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What programs should I download to help prepare me for engineering?

I'm a Lafayette student of the class of 2018. I'm majoring in Mechanical Engineering and minoring in Civil Engineering. #engineer #mechanical-engineer #mechanical

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Jordan’s Answer

Great recommendations already -- 3D Cad software is valuable, but some others are: Visio, Excel, PPT. These are critical for creating process flows, laying out various types of drawings, math calculations, etc... and along with how to present your findings in a clear viewpoint. Another underestimated area of 3D design is Document control -- i.e. how to create parts, how to release parts (ECR/ECO), how to find the right description for your parts, how to check out parts, etc. Revision control is HUGE in Engineering -- tracking and traceability is important not only at the team and org level, but also very important for any Federal programs you may work on.
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Harikrishna’s Answer

As a Mechanical Engineer and a Civil Engineer, you really need to know CAD (Computer Aided Design) software. Some examples of industry accepted software are ProE/Creo, SolidWorks, CATIA, AutoCAD, NX. Of course, if you want to start with the most widely used CAD for just part design, choose SolidWorks or ProE/Creo. Both have student versions available for download. For 2D design, AutoCAD by Autodesk is very famous. They also have free versions for students. Check it out.


For more advanced things such as structural analyses (very useful in Civil and Mechanical), you can use FEA (Finite Element Analysis) packages in-built the aforementioned software or look at more advanced software like Abaqus, ANSYS, COSMOS, COMSOL Multiphysics. Keep in mind that these software require more time commitment to even learn how to use.


Also, I highly recommend learning programming languages. The advanced software in the second paragraph have a lot of programming capabilities to do very customized analysis on nonlinear rubber or plastic materials. Programming in C, C++ is always useful. I also highly recommend getting your hands dirty with Python and JavaScript scripting languages.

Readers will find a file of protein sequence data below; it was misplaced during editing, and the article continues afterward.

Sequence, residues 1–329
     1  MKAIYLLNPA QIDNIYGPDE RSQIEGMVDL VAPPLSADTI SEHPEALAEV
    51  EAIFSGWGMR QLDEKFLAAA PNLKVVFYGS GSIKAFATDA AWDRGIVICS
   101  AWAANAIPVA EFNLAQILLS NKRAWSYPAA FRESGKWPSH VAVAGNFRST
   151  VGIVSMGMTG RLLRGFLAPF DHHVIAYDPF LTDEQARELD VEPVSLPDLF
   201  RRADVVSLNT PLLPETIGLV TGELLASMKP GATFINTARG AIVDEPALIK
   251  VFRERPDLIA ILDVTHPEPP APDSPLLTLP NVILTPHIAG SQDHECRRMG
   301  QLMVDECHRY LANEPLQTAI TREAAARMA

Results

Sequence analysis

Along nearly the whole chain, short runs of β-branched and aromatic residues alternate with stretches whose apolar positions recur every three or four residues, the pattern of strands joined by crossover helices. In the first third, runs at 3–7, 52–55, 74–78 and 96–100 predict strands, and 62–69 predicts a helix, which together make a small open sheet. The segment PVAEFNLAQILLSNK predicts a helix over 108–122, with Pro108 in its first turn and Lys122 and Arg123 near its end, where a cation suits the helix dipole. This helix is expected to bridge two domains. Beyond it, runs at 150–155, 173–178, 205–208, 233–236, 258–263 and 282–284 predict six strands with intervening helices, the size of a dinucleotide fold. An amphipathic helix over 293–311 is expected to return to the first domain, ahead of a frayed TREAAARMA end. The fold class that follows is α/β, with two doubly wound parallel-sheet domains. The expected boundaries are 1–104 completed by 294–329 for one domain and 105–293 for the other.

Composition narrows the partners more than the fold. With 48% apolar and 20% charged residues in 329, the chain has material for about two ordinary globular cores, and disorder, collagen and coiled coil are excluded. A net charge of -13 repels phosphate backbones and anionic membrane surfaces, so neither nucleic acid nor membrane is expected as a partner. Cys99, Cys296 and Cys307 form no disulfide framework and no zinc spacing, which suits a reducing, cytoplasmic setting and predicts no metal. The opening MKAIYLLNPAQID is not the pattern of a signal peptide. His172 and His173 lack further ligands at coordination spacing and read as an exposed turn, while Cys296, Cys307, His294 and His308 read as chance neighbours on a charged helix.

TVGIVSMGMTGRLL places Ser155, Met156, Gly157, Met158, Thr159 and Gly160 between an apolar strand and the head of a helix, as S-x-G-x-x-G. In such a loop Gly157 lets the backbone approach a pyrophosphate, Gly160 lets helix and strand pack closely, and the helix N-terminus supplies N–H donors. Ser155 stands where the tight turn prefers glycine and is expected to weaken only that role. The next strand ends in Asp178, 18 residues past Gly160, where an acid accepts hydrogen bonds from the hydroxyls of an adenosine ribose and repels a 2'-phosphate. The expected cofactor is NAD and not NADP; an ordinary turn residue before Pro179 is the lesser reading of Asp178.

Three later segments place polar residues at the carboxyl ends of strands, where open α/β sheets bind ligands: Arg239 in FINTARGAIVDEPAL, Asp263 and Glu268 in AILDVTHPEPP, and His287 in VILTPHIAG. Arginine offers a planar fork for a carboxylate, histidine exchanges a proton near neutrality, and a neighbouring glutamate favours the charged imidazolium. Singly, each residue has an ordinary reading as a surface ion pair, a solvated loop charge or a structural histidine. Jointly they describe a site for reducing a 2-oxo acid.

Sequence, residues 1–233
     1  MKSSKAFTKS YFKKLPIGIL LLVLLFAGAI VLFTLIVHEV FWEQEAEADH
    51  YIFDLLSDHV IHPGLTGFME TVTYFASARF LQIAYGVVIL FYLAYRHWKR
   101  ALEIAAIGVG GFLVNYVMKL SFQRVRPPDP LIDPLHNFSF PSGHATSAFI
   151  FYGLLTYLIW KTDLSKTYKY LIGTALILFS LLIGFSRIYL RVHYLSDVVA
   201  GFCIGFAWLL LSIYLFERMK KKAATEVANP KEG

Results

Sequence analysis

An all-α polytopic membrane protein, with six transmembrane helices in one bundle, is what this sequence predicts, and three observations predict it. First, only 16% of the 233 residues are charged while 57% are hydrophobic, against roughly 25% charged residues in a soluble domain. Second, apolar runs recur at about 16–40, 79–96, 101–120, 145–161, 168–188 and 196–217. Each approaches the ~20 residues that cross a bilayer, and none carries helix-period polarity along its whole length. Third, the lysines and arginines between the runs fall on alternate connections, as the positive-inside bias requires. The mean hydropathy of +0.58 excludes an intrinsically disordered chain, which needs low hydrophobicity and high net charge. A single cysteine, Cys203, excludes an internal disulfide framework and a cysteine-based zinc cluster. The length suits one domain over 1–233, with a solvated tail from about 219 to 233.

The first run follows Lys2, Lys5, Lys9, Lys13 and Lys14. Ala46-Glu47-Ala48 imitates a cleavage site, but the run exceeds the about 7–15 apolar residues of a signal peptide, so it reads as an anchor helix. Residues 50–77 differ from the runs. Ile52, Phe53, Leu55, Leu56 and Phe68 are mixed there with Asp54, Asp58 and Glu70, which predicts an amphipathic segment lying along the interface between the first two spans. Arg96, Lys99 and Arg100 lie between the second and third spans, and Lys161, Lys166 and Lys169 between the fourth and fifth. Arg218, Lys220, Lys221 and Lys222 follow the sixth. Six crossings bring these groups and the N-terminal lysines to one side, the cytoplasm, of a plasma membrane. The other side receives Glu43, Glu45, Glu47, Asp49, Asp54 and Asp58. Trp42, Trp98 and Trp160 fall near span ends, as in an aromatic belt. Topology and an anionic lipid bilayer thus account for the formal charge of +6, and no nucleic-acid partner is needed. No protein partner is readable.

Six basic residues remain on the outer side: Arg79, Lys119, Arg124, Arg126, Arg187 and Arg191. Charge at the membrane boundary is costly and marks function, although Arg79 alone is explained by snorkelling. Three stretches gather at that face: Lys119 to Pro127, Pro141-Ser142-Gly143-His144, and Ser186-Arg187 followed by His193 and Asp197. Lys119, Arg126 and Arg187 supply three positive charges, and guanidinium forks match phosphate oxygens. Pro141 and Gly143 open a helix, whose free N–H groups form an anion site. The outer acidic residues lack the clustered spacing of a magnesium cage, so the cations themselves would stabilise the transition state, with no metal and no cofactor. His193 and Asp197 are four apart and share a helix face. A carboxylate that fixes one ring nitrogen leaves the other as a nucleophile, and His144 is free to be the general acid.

Hope this helps!

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Joshua’s Answer

There are many open source programs you can use to learn. They won't be identical to the commercial version, but if you can run the FOSS versions, it will be easier to learn the commercial packages. If you are interested in open source instead of buying student versions, I would suggest the following in order of use:

-FreeCAD: Very useable CAD program that is still working out some challenges for UI. I use it all the time for modelling components for home 3D printing. If you are willing to spend money there are a ton of commercial options.

-Python (Anaconda is a good starting point): A great way to learn how to program. You can use it to do calculations, simulations, data visualization, etc. Once I learned Python, I only use commercial programs like MATLAB for very specific tasks. It becomes an excellent tool for many things. If you want to have fun with it, find a robot platform that uses it and practice robotics and programming at the same time. You can also use web sites like codingame or any number of other programming challenge websites to gain this skill while having some fun with it.

-QCAD (or other AutoCAD clone): If you do civil, you will very likely need AutoCAD. While there are very few ME jobs that will use 2D CAD, it is still used in civil engineering. QCAD and other clones do a good job of teaching the principles of AutoCAD and are fully functional for 2D drawings. I drafted up my house for investigating room layouts, etc.

-C/C++: Very good for working with software and firmware teams, but not as applicable for ME / CE as Python. I would generally suggest learning Python first and getting some programming experience before diving into C/C++. A good starting point for this would be finding some fun Arduino projects as Arduino is easy to get started with and programmed in a simplified C environment.

Bonus challenges:
-Get an inexpensive cheap 3D printer and experiment with creating your own designs. Nothing teaches you about designing better than physically handling your own designs. The experience of building it and upkeeping it will also be very educational. I bought one and use it at home all the time for hobby projects and to create fun and occasionally useful things for around the house.

-OpenFOAM and FEM Workbench for FreeCAD: These are free FEA and CFD packages. They are even more challenging than commercial FEA/CFD packages, but they are free. You will likely not use them at a company, but they will teach you fundamentals of both techniques if you are interested. I will stress that it will likely be frustrating to get them running and learn them, but it can be very rewarding. You really can't learn the commercial versions easily as they are extremely expensive packages. I would only look at this after tackling some of the previous areas.
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